As you might well expect, Stephen O’Connor’s debut novel, “Thomas Jefferson Dreams of Sally Hemings,” is prompting raves as well as creating a furor of outrage in reviews, tweets and online comments.
Who wouldn’t recoil at the thought of Thomas Jefferson, the 40-something widower and author of the Declaration of Independence, bedding his light-skinned teenage slave, a woman who had no recourse but to submit to what is rightly called rape?
Who wouldn’t want to throttle a man who wrote that humans were endowed with “inalienable rights,” yet never freed the woman with whom he had a decades-long, intimate relationship?
Who wouldn’t be incensed that this woman who bore him six children had to suffer Jefferson’s indifference to her when one of the adult children by his late wife visited – a wife who was, because they shared the same white father, a half-sister to Sally Hemings?
Yet O’Connor, who teaches at Sarah Lawrence and is the author of the nonfiction books “Will My Name Be Shouted Out?” and “Orphan Trains,” seems to open the arteries of the couple’s hearts – laying bare their quarrels and joys, their disgusts and pleasures, their lusts and dreams – to give us one of the most imaginatively brilliant and compelling novels I’ve read in years.
At the same time, he stares unblinkingly into the dark heart of slavery and exposes the churning complexity of the slave owner’s mind: his denials and greeds; his self-righteousness and patent hypocrisy.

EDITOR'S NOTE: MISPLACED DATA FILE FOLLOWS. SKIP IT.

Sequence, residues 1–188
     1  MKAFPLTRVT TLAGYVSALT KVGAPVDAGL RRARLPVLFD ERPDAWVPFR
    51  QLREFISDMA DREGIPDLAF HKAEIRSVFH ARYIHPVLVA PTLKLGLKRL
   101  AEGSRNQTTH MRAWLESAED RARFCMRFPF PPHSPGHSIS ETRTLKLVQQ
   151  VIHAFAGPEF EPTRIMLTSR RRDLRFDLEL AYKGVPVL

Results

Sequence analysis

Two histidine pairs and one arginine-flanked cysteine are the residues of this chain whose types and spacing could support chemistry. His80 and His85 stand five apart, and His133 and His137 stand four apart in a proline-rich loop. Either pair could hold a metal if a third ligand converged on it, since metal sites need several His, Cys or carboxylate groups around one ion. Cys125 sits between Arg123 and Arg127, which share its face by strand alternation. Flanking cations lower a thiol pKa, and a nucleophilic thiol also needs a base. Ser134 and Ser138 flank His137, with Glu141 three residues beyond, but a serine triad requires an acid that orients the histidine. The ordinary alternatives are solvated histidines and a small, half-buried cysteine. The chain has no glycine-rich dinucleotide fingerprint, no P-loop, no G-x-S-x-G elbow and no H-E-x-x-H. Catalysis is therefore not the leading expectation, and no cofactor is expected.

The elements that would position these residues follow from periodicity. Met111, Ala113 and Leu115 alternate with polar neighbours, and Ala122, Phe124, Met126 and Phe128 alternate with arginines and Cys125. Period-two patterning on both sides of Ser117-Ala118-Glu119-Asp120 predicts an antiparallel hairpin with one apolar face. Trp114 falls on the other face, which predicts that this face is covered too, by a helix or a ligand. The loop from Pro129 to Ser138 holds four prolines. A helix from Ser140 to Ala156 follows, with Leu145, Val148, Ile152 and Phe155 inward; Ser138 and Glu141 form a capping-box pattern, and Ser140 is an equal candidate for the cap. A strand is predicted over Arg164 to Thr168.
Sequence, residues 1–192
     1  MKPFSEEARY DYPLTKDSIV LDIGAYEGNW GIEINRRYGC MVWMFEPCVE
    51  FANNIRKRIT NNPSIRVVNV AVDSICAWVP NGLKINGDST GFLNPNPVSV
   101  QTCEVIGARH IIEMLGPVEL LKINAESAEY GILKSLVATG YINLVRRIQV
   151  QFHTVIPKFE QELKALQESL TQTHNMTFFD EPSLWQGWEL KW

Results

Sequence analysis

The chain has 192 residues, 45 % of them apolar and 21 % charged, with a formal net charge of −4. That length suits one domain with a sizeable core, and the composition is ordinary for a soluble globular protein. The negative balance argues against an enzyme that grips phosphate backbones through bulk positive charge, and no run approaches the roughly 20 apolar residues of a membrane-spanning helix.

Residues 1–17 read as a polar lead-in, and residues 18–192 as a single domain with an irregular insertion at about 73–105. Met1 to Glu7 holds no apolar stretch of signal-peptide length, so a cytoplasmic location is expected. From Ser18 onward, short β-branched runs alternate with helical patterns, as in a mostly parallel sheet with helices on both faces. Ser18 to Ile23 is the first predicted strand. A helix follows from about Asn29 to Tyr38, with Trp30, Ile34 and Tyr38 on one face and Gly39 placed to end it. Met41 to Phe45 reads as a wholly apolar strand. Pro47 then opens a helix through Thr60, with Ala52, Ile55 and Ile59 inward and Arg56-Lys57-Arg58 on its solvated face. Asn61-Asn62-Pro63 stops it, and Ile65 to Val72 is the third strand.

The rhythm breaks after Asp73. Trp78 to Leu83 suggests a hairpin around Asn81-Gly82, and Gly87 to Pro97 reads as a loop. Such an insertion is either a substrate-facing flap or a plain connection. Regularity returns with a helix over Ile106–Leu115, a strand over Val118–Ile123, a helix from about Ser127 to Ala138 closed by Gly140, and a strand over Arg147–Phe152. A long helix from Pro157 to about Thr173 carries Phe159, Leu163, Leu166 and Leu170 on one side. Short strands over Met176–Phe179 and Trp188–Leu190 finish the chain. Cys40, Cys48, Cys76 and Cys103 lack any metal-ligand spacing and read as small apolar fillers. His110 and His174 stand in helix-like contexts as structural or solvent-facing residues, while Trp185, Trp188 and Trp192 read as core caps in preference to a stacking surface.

The sexual relationship between Jefferson and Hemings begins in Paris, where Jefferson, U.S. Minister to France, remarks that Sally’s voice, “like silk and sand,” so reminds him of his late wife’s. After five years of clandestine sex in the Hotel de Langeac, it’s back to Monticello, Jefferson’s mountain retreat in Albemarle County, Va.
Here the relationship changes. Jefferson is often away in Philadelphia or Washington, and Sally pines for him. And to Sally’s sorrow, he makes no attempt to send word of consolation after the death of their 2-year-old daughter Harriet.
As the years pass, Hemings’ feelings leaf into a tree of contradictions. There’s her “trembling rage” when he tells her yet again “that the world will not allow him to love her openly.” Her hate for herself “when I spoke,” and “when I was silent,” on the subject of freeing the slaves. Her joy when, naked together, “each will pour through the body of the other like a wild river.” Her disgust at Jefferson’s aging body: “getting uglier every day.”
O’Connor deepens our enlightenment further with an imagined Greek chorus of Hemings’ fellow slaves’ reaction to her. Their chants begin, “We pity her ... because she believes that she is white even though her master treats her as if she’s black.” We pity her because “we know that a master’s promises are equal to a snake’s hiss.”
A rich aspect of the novel is O’Connor’s fabulist chapters. Here the lovesick Jefferson rides a modern subway, ogling Sally. We see them, after death, visiting the Museum of Miscegenation, where they view their past life together. And we watch as James and Dolley Madison escort Jefferson to a Hollywood movie about his life with Sally.
Add to all this some factual excerpts from writings of slaves under Jefferson, from his account books, from his “Autobiography” and from one of Jefferson’s sons with Sally.
Stephen O’Connor leads us on a breathtaking excursion of impossible but often joyful love and an even more impossible system of governance. I am humbled by his audacious gift both to enlighten us and to bowl us over.
“Thomas Jefferson Dreams of Sally Hemings”
By Stephen O’Connor
Viking, 609 pages